There are many ways to identify good negative keywords. But if you’re moving your ads over from Google, you’ve probably already gone through most of your research. All you need to do now is check your Bing Ad reports and look for campaigns with a high CTR and low conversion rate.
Keywords that are sending you a lot of clicks but with an exceptionally low conversion rate do nothing but waste your ad spend and drive up your average acquisition cost. Add those terms to your negative keyword list and stop your ad from showing on those types of queries in the future.
Note that Bing does not support broad match negative keywords like Google does. If you were using broad match negatives on AdWords, Bing will import them, but they will be used as phrase match negative keywords instead of broad match.
Related Content: Microsoft Rewards Is Paying More People to Use Bing
Set Up Revenue Tracking
You may already have Google Analytics conversion tracking set up, but it’s worth the time to add Bing’s specific tracking tools as well. This will allow you to access relevant information about your campaign success right inside the Bing Ads dashboard without having to connect any of the dots.
In some respects, Bing’s UET (Universal Event Tracking) system is actually superior to what is offered by Google.
PPC Wins has a thorough guide on implementing Bing’s UET on Shopify. If you use another service like WordPress, the process is just as easy. The only difference is that when you are adding the code to your site, make sure to include it in the <head> tags for each page (just like you would for Google Analytics or Facebook Pixels).
If you’re using UTM tracking for your Google AdWords, you should know that Bing attempts to automatically convert the name of the source.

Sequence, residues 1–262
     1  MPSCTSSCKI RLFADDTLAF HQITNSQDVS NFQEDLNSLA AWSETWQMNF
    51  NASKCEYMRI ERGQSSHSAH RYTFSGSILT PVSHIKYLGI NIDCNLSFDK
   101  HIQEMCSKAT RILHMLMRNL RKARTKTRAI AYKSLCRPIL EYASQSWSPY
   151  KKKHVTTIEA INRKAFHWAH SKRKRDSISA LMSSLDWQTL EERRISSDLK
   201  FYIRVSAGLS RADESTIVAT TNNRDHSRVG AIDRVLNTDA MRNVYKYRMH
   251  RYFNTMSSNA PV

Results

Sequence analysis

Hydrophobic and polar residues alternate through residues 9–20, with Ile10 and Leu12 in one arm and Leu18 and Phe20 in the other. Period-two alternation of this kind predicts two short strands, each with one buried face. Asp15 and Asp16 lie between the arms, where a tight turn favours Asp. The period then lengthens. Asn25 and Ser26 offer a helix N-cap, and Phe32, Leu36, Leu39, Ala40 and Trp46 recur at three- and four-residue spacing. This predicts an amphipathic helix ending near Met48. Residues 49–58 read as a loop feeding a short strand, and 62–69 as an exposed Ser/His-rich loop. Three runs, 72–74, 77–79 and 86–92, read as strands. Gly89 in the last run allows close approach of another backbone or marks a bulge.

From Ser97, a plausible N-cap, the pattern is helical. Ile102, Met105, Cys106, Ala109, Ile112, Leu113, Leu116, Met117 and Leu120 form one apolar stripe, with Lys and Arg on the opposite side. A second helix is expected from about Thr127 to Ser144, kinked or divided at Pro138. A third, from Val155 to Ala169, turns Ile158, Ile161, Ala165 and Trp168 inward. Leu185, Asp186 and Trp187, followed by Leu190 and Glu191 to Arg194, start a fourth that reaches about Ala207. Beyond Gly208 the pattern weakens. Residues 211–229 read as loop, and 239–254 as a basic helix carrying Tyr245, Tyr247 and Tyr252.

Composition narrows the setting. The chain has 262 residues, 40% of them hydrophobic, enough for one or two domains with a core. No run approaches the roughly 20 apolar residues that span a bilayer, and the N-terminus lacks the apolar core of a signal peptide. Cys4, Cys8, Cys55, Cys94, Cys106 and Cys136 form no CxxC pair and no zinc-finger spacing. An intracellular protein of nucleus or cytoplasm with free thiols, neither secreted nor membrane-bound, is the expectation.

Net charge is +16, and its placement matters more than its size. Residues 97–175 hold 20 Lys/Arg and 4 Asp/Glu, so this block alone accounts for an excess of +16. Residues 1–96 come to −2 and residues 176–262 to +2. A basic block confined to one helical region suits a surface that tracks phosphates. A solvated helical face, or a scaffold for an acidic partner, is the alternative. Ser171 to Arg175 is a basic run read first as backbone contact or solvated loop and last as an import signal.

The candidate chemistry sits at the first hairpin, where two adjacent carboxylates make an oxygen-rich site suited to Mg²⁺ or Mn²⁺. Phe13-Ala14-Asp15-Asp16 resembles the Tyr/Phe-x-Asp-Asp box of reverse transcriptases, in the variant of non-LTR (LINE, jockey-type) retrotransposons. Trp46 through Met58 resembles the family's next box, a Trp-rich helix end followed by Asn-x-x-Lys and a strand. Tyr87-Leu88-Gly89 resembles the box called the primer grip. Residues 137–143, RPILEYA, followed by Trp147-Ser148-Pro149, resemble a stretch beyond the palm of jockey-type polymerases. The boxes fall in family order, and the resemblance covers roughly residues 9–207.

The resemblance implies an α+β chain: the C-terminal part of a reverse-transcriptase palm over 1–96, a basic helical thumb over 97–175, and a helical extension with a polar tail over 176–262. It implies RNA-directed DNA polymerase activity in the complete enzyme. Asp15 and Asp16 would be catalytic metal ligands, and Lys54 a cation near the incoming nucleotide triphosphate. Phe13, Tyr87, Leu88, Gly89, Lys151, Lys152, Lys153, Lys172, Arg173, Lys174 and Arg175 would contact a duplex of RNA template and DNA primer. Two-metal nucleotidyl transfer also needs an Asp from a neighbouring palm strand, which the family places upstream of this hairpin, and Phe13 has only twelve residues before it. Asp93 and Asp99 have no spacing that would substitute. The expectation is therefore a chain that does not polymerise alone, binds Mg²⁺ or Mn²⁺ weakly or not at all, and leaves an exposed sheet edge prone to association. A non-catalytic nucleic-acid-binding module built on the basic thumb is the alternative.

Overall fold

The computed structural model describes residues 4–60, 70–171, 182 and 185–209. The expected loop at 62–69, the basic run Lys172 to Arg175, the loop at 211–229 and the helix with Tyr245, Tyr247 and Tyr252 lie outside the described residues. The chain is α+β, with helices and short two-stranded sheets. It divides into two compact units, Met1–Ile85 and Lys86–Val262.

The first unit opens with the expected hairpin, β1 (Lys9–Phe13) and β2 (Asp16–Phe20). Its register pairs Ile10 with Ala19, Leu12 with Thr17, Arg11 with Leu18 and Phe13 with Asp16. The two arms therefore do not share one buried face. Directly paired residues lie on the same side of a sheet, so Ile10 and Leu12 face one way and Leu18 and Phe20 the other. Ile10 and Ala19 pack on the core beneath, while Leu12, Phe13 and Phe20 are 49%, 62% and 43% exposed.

For example, Bing states that http://www.example.com/?utm_source=google will be imported as http://www.example.com/?utm_source=bing.
You should still check these fields to make sure your analytics is receiving accurate source data.
Set Up Bing Shopping Campaigns
PPC Wins reported that some clients find that conversions cost 83% less on Bing!
Setting these up is as easy as importing your ads in the beginning. If you haven’t already set up a Google Shopping feed, you should go do that first. The documentation available is a bit better and Google is still the dominant player in comparison shopping engines (CSEs).
For e-commerce sellers on Shopify, there is a great extension that lets you automatically submit a product feed to Bing using your existing Google Shopping or even Facebook Dynamic Ad Feeds.
Bing Ads hold a wealth of opportunity for sellers in North America, especially those targeting wealthier, older and less technical demographics.
If you haven’t already optimized your Google AdWords, you may still find more ROI there. But once you have that up and running, you’re only losing money and opportunity by not migrating to Bing. With the tips in this post, you should be able to move your existing ad campaigns over easily and start optimizing Bing for success.
While most people shouldn’t expect Bing to bring them more customers than Google, you should still find that you’re reaching new customers at a lower cost than before.
Stop ignoring 20% of the market searching for your products and services and get Binging!